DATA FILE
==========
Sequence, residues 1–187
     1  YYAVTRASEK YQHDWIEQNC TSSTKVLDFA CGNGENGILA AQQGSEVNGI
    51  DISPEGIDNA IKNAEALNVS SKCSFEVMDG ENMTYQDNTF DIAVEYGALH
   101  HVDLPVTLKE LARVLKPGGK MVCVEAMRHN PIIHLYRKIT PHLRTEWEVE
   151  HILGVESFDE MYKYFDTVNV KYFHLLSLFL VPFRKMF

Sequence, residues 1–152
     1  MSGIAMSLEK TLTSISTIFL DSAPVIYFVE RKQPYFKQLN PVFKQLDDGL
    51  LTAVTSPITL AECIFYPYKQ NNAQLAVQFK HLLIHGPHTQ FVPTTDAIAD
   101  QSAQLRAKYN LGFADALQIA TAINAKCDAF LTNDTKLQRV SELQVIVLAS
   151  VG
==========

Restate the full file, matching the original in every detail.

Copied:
Sequence, residues 1–187
     1  YYAVTRASEK YQHDWIEQNC TSSTKVLDFA CGNGENGILA AQQGSEVNGI
    51  DISPEGIDNA IKNAEALNVS SKCSFEVMDG ENMTYQDNTF DIAVEYGALH
   101  HVDLPVTLKE LARVLKPGGK MVCVEAMRHN PIIHLYRKIT PHLRTEWEVE
   151  HILGVESFDE MYKYFDTVNV KYFHLLSLFL VPFRKMF

Sequence, residues 1–152
     1  MSGIAMSLEK TLTSISTIFL DSAPVIYFVE RKQPYFKQLN PVFKQLDDGL
    51  LTAVTSPITL AECIFYPYKQ NNAQLAVQFK HLLIHGPHTQ FVPTTDAIAD
   101  QSAQLRAKYN LGFADALQIA TAINAKCDAF LTNDTKLQRV SELQVIVLAS
   151  VG